A New Adventure in Raja Ampat: Snorkeling in Misool’s Jellyfish Lake
by Maurine Shimlock
With a bit of apprehension, our hardy group of 20 divers hopped from their dinghies to brave the rocky path to southeast Misool’s recently discovered jellyfish lake. Located a few minutes west of the Misool pearl farm headquarters, and nearly directly north of Tomolol cave, visiting this inland basin is a fabulous way to spend a non-diving afternoon in Raja Ampat.
We hiked up and over a small hill on a newly cut path, carefully avoiding clinging to the spiky jungle vegetation. After only a few minutes, the path ended in the lake’s muddy entry point. Roundish, and fringed with mangroves, the lake reflected the tropical sky and the flight patterns of the insect-eating birds zipping back and forth. We slipped into the dark water and immediately scattered to observe the myriad mollusks, sponges, corals and algae encrusting the mangrove roots.
The main attraction was the jellyfish, and we saw at least three species: Upside Down Jellies (Cassiopeia sp.), Moon Jellies (Aurelia sp.) and Spotted Jellies (Mastigias sp.). The last two are very mobile and move around the lake seeking direct sunlight for their photosynthesizing symbiotic algae. It was cloudy the day we visited, but toward the middle of the lake a nice gathering of moons and spotted jellies captivated photographers. It was difficult to convince everyone that the jellyfish are basically stingless because they had evolved in a predator-free environment. The believers among us irritated the photographers by snorkeling though the thickest groups of jellies, just to feel the living globs bouncing off our wetsuits.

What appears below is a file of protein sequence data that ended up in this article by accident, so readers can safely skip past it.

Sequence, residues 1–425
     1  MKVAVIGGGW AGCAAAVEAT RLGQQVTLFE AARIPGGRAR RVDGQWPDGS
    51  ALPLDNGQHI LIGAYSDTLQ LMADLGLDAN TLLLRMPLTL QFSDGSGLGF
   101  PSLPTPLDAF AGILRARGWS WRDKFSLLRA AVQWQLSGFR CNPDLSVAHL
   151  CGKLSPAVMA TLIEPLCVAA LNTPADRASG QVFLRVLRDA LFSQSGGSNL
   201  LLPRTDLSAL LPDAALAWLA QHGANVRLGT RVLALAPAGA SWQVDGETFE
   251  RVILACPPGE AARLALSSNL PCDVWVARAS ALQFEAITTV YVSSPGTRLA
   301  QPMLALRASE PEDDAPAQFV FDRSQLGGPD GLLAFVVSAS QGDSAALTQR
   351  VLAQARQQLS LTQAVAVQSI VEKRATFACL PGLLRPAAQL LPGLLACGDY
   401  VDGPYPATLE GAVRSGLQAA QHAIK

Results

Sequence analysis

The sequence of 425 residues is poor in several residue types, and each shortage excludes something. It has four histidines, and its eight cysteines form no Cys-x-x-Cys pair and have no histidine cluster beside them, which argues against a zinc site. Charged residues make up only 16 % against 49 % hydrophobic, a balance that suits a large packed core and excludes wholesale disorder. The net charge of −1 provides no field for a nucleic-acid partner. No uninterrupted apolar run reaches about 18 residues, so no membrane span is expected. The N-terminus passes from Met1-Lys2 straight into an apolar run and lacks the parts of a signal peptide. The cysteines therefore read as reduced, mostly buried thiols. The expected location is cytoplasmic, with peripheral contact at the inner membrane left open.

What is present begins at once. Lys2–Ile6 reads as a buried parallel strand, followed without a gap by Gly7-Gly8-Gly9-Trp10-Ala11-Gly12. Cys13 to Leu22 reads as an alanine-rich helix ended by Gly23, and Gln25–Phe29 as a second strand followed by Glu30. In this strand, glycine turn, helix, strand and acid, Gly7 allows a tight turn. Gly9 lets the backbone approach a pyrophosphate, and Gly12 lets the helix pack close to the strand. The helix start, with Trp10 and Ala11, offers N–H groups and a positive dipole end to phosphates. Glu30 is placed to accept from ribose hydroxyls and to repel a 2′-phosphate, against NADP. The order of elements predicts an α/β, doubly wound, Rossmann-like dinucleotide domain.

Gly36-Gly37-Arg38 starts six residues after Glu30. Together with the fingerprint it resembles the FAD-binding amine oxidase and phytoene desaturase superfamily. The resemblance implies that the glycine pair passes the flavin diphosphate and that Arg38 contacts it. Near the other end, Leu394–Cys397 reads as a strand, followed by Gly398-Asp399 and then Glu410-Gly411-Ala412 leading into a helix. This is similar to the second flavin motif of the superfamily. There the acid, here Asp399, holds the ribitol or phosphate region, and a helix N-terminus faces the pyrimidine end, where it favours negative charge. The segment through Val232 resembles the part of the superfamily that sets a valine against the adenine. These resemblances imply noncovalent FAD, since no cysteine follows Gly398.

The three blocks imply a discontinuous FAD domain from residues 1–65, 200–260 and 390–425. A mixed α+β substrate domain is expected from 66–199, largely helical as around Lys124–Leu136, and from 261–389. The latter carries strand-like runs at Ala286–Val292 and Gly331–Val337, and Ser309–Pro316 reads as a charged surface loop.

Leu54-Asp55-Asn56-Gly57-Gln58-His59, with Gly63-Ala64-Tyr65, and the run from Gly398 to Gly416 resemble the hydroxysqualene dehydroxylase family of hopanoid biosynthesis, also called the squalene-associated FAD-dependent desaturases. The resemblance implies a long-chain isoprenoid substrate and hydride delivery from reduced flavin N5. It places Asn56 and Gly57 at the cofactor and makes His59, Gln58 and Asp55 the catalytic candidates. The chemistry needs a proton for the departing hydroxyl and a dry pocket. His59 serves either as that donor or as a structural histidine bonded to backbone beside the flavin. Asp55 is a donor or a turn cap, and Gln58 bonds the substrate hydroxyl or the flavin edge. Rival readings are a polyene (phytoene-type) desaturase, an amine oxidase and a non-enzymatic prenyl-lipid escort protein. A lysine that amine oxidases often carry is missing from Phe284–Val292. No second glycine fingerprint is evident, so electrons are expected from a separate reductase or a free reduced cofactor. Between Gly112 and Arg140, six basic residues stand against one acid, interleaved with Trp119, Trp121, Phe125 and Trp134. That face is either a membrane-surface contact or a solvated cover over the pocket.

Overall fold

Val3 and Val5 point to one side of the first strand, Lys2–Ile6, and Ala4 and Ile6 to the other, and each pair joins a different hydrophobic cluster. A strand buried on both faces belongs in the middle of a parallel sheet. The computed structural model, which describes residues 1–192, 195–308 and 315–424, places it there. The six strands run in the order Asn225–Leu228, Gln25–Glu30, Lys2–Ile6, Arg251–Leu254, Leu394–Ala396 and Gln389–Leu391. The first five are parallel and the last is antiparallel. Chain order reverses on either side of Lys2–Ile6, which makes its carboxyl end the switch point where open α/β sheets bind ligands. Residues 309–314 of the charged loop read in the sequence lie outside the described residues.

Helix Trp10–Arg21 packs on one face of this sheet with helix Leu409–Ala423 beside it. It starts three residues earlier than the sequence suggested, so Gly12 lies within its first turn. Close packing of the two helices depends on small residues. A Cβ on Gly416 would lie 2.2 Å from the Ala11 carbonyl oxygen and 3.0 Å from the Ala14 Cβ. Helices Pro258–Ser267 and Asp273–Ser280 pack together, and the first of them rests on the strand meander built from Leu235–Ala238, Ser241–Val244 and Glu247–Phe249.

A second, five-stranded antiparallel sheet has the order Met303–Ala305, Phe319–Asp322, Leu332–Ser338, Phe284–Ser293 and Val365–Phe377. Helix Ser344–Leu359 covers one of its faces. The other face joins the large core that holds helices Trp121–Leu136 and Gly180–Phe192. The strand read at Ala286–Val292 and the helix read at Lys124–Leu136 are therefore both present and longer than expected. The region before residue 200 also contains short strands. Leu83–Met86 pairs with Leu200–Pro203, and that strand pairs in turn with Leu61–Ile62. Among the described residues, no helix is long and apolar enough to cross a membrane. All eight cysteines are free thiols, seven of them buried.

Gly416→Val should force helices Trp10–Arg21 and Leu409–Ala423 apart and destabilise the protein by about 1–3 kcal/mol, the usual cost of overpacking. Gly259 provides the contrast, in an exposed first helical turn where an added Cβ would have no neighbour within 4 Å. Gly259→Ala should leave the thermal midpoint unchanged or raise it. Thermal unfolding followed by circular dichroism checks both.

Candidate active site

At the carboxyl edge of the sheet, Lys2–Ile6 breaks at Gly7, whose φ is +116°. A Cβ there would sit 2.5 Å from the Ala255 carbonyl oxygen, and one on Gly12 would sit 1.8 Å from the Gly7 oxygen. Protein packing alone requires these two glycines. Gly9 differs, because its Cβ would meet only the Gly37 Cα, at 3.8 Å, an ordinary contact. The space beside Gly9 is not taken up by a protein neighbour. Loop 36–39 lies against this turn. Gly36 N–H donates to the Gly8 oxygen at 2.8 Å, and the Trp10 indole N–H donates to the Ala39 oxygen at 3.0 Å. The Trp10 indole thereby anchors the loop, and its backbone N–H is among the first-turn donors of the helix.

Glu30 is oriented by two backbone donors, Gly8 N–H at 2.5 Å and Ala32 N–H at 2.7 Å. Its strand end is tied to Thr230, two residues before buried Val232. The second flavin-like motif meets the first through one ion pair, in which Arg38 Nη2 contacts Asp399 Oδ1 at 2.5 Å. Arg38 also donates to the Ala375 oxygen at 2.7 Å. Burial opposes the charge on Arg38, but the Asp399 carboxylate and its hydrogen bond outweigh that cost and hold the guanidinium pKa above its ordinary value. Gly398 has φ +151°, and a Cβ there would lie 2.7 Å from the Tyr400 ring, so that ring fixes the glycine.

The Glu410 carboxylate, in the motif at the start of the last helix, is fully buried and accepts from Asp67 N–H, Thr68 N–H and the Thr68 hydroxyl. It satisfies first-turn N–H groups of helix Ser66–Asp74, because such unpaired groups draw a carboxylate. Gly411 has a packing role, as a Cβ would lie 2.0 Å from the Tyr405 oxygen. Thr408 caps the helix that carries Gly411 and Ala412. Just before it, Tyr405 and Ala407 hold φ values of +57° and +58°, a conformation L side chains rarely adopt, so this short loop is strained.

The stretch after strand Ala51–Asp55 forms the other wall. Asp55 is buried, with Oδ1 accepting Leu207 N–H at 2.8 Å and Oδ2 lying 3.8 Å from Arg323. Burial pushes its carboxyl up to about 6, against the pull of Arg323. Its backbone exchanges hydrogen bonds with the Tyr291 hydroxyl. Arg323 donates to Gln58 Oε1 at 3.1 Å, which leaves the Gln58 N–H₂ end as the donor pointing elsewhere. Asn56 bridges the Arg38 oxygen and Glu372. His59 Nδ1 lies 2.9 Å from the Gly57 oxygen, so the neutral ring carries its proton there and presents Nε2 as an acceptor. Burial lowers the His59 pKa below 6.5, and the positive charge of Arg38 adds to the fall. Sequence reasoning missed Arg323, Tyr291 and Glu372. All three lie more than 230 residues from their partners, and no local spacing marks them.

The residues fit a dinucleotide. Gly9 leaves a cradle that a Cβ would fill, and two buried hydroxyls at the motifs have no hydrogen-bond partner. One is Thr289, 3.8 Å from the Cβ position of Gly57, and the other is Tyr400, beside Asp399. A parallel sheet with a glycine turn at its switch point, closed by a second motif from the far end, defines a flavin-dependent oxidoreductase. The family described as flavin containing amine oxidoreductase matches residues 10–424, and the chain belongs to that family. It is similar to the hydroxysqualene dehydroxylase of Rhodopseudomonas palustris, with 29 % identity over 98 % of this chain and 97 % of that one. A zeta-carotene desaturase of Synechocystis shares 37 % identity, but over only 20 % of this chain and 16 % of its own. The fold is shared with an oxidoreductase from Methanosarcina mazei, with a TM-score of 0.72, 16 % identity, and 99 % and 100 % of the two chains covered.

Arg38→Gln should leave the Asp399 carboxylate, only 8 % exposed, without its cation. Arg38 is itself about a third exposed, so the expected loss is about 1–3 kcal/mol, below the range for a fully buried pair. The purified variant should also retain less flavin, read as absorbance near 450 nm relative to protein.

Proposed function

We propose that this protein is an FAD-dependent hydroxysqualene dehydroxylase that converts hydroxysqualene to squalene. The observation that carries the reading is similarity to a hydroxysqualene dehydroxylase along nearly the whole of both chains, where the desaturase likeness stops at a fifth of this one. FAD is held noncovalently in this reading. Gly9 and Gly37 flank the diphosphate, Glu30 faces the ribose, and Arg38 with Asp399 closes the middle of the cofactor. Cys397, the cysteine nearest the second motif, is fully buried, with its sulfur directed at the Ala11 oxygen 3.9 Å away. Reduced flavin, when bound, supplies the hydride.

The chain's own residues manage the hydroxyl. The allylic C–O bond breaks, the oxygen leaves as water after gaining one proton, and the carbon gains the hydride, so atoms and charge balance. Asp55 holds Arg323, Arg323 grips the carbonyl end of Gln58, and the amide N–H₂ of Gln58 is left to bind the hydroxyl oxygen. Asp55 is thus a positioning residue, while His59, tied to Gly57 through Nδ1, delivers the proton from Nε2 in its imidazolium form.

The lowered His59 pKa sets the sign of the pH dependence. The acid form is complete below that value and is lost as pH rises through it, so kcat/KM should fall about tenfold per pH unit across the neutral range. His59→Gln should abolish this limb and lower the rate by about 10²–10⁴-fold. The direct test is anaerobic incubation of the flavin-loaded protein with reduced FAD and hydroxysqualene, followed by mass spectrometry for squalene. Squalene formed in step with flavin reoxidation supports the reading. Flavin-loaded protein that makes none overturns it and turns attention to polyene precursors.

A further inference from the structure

While similar jellyfish lakes are known throughout the tropical Pacific, tourists traveling to Raja Ampat and the rest of the Bird’s Head Seascape are just beginning to explore these highly diverse habitats. Adding Misool’s jellyfish lake to a dinghy ride destined for Tomolol Cave or to see the nearby rock art makes for an unbeatable topside experience.
Location: S 01 56.216 E 130 22.462 (Checking in at the Pearl Farm Headquarters is REQUIRED before visiting the cave or the jellyfish lake.)
Maurine Shimlock, and her husband Burt Jones, have traveled, explored, photographed, and written about Indonesia since 1992. They are the authors of Diving Indonesia’s Raja Ampat and Diving Indonesia’s Bird’s Head Seascape. To view more of their work visit their website, Secret Sea Visions.